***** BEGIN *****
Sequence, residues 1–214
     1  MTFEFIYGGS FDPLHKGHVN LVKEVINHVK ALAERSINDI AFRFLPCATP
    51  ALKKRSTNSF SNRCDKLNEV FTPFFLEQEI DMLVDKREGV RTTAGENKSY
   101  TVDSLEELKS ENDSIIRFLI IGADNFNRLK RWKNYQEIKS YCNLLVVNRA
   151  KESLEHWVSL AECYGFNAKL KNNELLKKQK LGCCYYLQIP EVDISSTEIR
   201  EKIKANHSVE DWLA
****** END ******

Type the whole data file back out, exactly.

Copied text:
Sequence, residues 1–214
     1  MTFEFIYGGS FDPLHKGHVN LVKEVINHVK ALAERSINDI AFRFLPCATP
    51  ALKKRSTNSF SNRCDKLNEV FTPFFLEQEI DMLVDKREGV RTTAGENKSY
   101  TVDSLEELKS ENDSIIRFLI IGADNFNRLK RWKNYQEIKS YCNLLVVNRA
   151  KESLEHWVSL AECYGFNAKL KNNELLKKQK LGCCYYLQIP EVDISSTEIR
   201  EKIKANHSVE DWLA